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Coroner calls for more safety on naval ships after sailor Samuel Hatton shot himself on HMS Cattistock
4:22pm Thursday 23rd August 2012 in Southampton
Engineering Technician (ET) Samuel “Ricky” Hatton killed himself using a rifle he removed from a faulty safety rack on HMS Cattistock, where he was serving.
The inquest at Portsmouth heard that the 20-year-old had been hit hard by the death of Matthew “Spider” Webster, who had shot himself on boardanother minehunter, HMs Hurworth, in February 2010.
ET Hatton had permission to access the gun store on HMS Cattistock, but was not allowed to handle a weapon - after he was unable to complete crucial training because it reminded him of his friend's death.
A safety rack holding the rifles on board had been broken for at least six months and had not been repaired, enabling ET Hatton to remove the weapon without a key.
Only two days earlier he had also been allowed to enter the ammunition store unaccompanied, which was against regulations.
Portsmouth Coroner David Horsley said that he would write to the Navy to ask it design and fit a more secure storage system to all of its warships.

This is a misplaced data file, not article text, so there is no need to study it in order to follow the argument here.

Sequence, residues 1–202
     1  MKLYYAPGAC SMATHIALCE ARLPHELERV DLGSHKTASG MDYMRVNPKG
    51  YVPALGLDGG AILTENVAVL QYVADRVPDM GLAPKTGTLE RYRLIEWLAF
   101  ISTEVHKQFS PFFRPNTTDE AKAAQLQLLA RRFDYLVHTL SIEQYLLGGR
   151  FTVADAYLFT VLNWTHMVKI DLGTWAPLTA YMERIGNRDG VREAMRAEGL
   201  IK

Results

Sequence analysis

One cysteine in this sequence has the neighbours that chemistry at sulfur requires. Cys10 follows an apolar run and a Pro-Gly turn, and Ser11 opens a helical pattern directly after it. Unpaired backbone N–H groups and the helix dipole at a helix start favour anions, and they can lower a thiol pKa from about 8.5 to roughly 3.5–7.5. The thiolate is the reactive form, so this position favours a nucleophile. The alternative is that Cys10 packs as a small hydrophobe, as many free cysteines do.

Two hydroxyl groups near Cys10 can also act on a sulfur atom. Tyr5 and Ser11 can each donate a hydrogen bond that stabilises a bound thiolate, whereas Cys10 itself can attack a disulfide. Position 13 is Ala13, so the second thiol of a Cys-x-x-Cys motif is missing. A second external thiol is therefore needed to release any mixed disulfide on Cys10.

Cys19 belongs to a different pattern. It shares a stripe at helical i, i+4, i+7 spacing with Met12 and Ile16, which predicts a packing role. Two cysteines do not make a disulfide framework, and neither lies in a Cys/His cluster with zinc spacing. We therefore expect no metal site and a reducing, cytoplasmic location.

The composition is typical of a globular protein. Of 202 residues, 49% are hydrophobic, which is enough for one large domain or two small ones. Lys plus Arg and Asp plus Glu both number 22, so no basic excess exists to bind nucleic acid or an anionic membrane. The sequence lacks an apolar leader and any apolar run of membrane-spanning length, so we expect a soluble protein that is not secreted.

Mr Horsley also called on the Navy to change its Joint Personnel Administration (JPA) system to enable warship captains to have access to the complete files of prospective crew members to ensure that they are suitable for the posting.
Describing ET Hatton as ''vulnerable'', Mr Horsley questioned whether a small ship such as Cattistock, which has a crew of only 45 people, was suitable for someone with a troubled past such as his.
The inquest heard that ET Hatton suffered from depression and had a difficult childhood.
His mother was a drug addict and he was born addicted to heroin while his father was an alcoholic.
The hearing was told that ET Hatton, who lived in Southampton, had received ''bullying'' comments from senior colleagues who asked: ''Not shot yourself yet?''
Mr Horsley said: ''The Navy had given him the first true home and stability in his life, the Navy was a family for him.''
But he added that because of his vulnerability, ET Hatton did not have the emotional mechanisms to handle the banter and remarks made by his colleagues.
Mr Horsley said: ''Anyone would be deeply distressed by the loss of a close friend but Sam took the death of Matthew Webster especially hard.
''I feel the Navy did not fully appreciate the depth of Sam's feelings following the death of his friend.
''I do not think this was the Navy's fault and I do not blame Sam for not expressing his feelings.''
Mr Horsley recorded a narrative verdict.